Shutdowns, Debt Ceilings, and CRs, Oh My!

written by Kate Seif
October 21, 2013

If Dorothy’s walk through the woods included a stroll through Capitol Hill, she would have soon realized that lions, tigers, and bears were the least of her worries. As you’ve all no doubt noticed, we’re just getting back to normal after what can only be described as a tumultuous couple of weeks on Capitol Hill.

So, besides giving the 24-hour news networks something to gab about and some hilarious jokes – what did the shutdown and resulting negotiations mean? More specifically, what is there impact, if any, on homelessness? This post should provide the basics on what went down and what’s next. It’s important to emphasize that these are just the basics. You wonks out there probably know there’s a lot more intricacies in everything than we can cover in one blog post. We’re really just trying to focus on the big stuff that’s likely to have an impact on our efforts to end homelessness. Those of you on our McKinney Campaign list already got a similar version of this update, so I apologize for the repetitiveness.

For the first three months or so of fiscal year (FY) 2014, which began on October 1 – until January 15 – the government will be funded at post-sequestered FY 2013 funding levels, essentially under a clean Continuing Resolution (CR, or stopgap funding measure). The shutdown, caused by lack of a budget for FY 2014, ended on October 17 as a result of the agreement, and all federal agencies are open and operating at normal capacity. Flat funding until January 15 does not necessarily impact HUD’s McKinney-Vento Homeless Assistance Grants since communities are still waiting on the FY 2013 funding to be released. (We’re waiting on the FY 2013 NOFA just like you!) This could present a problem for Section 8 Tenant-Based Rental Assistance, but the details of that are still in flux.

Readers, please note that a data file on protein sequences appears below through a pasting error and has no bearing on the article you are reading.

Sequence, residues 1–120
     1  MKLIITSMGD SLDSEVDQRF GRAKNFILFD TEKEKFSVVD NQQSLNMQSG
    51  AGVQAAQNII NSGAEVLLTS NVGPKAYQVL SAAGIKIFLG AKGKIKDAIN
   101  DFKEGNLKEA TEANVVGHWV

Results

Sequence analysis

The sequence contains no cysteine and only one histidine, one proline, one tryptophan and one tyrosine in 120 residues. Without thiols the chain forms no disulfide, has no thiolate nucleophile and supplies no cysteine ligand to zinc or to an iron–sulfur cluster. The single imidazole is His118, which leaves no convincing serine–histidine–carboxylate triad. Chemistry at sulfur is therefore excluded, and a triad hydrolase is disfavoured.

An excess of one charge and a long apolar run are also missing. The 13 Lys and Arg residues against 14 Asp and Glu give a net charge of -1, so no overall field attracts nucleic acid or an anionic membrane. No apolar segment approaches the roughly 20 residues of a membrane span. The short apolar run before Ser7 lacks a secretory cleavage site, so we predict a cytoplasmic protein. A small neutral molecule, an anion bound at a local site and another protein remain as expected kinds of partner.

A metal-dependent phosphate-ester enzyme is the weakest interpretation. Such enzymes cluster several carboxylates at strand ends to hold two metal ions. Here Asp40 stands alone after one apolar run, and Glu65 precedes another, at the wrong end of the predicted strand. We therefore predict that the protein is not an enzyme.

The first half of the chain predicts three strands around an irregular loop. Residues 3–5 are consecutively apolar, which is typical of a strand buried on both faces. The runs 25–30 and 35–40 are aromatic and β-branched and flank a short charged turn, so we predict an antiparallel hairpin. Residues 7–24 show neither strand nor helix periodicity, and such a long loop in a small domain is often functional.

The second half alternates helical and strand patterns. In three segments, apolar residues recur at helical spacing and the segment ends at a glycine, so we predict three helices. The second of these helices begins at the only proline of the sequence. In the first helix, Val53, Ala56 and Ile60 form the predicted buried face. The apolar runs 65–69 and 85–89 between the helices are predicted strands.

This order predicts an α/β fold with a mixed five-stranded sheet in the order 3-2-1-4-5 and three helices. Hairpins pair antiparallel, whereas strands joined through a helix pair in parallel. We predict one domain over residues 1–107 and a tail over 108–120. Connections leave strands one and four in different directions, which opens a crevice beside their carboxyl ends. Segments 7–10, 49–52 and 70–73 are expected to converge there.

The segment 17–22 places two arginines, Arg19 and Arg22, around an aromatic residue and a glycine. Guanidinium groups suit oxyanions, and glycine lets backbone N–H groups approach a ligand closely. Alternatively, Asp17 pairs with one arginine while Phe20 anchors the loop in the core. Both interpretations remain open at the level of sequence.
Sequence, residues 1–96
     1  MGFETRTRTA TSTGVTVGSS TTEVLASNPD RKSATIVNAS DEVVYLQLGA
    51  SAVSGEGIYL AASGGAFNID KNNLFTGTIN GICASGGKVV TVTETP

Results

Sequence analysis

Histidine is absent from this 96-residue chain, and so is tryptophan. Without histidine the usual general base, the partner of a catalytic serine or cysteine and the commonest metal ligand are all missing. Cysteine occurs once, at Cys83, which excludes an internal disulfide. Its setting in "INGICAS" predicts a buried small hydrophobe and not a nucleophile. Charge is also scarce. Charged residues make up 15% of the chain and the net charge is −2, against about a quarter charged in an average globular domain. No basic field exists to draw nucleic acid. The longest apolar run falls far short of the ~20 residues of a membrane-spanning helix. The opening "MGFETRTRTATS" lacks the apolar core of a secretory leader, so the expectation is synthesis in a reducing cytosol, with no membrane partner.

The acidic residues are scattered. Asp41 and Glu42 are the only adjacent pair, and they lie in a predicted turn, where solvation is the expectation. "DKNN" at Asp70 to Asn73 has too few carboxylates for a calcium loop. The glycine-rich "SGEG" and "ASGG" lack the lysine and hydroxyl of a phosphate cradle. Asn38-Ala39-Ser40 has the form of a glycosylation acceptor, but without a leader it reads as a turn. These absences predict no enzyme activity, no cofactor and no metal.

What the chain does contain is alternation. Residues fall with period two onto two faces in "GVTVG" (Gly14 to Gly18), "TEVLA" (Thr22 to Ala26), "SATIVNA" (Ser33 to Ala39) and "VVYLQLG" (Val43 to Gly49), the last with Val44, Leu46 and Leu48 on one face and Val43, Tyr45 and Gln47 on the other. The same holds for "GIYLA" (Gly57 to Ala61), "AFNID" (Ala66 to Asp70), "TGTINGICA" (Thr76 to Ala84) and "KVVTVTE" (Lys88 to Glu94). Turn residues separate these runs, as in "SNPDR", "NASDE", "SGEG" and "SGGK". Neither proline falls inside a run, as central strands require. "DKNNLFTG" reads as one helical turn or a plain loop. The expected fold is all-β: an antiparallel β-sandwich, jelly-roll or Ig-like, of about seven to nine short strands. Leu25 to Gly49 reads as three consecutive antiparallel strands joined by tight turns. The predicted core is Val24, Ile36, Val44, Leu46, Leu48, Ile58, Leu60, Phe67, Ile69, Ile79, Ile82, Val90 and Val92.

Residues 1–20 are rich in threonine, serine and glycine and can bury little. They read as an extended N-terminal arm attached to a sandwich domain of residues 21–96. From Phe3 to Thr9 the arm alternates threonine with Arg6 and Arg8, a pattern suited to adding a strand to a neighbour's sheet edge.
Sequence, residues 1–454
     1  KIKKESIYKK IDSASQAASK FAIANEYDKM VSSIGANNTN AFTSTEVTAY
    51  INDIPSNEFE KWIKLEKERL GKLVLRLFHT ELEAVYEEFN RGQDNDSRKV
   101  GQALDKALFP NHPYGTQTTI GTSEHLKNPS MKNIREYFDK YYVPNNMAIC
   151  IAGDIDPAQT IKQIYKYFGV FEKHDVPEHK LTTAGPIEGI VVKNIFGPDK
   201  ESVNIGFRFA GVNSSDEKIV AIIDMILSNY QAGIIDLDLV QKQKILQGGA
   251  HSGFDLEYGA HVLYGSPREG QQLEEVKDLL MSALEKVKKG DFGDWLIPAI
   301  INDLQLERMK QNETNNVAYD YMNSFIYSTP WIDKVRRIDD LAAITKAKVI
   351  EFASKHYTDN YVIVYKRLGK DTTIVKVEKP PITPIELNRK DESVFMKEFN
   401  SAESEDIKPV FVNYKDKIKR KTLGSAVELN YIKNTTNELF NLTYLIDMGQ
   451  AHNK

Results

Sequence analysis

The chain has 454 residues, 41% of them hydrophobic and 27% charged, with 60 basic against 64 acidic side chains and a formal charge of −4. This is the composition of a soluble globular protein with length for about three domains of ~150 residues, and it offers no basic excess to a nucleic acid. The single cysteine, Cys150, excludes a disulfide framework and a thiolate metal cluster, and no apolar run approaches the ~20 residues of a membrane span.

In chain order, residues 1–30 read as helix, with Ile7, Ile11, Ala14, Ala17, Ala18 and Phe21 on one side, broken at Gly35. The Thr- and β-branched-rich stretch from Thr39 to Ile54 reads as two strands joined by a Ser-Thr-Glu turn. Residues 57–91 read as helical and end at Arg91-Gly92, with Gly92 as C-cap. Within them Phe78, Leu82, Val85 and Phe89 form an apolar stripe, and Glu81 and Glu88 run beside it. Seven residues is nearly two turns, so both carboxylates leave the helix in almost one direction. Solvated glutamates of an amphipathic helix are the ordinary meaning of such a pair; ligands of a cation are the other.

The deal they passed on the 17th essentially suspended the debt ceiling for the nation until February 7, at which time the Treasury will honor all its debts and Congress will revisit the debt ceiling issue. It’s important to note (if you care about that kind of stuff) that they didn’t raise the debt ceiling – they suspended it, meaning our nation doesn’t quite have a debt ceiling until February 7.

Now, the debt ceiling issue gets a lot of media and other attention, but it does not necessarily directly impact homeless assistance programs. There could be serious issues that arise should the nation default on its debt obligations. For now, though, this portion of this specific deal does not impact HUD. The “necessarily” part: In the past few years, the House Republican majority has insisted on spending cuts in return for increasing the debt ceiling, the resulting spending cuts have of course impacted HUD funding programs (i.e. your ESG cuts and upcoming cuts in the CoC NOFA). It remains unclear what sort of spending reductions, if any, will result from these debt ceiling deals.

Finally, the legislation does not repeal or otherwise address sequestration, the automatic, across-the-board cuts to FY 2013 spending and the reduced spending caps on subsequent fiscal years. The deal did, however, set up what’s being referred to as a conference committee made up of both senators and representatives who will come up with a Budget Resolution for FY 2014 spending. The House and Senate both passed their own Budget Resolutions in early 2013, but never came up with a bicameral agreement. That’s what they’re aiming to do this time. This “new and improved” (maybe, probably not) Budget Resolution, which will theoretically set a total spending level for FY 2014, could (hey, anything’s possible) address sequestration for FY 2014 spending or beyond, and will similarly address the variations between defense and non-defense spending.

It’s no secret that sequestration has already had and will continue to have a tremendous impact on HUD programs, including Homeless Assistance Grants. The FY 2013 NOFA will contain funding cuts brought about by under-funding combined with sequestration cuts. If it is repealed, HUD should have more money with which to operate in the future (unlikely that there will be backfilling). If it is not repealed, or worse – if defense cuts are alleviated in favor of deeper cuts to non-defense programs – HUD programs will be in trouble. The outcome of the conference committee remains to be seen, and it seems too early to tell at this stage.

…whew! I bet that clears everything up, right? If not, feel free to shoot me an email with your questions at We’ll be making sure to keep everyone updated through our Alliance Online News, our Advocacy Updates, and social media outlets.